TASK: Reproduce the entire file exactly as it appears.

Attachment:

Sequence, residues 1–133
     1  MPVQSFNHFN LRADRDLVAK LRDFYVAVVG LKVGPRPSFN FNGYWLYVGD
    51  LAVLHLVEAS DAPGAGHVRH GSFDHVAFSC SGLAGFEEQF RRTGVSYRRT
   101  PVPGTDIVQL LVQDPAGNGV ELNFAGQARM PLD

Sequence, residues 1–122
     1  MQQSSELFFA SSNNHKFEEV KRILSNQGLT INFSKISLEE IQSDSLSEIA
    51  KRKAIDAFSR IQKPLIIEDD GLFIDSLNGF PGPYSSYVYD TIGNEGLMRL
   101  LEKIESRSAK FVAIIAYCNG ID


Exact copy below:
Sequence, residues 1–133
     1  MPVQSFNHFN LRADRDLVAK LRDFYVAVVG LKVGPRPSFN FNGYWLYVGD
    51  LAVLHLVEAS DAPGAGHVRH GSFDHVAFSC SGLAGFEEQF RRTGVSYRRT
   101  PVPGTDIVQL LVQDPAGNGV ELNFAGQARM PLD

Sequence, residues 1–122
     1  MQQSSELFFA SSNNHKFEEV KRILSNQGLT INFSKISLEE IQSDSLSEIA
    51  KRKAIDAFSR IQKPLIIEDD GLFIDSLNGF PGPYSSYVYD TIGNEGLMRL
   101  LEKIESRSAK FVAIIAYCNG ID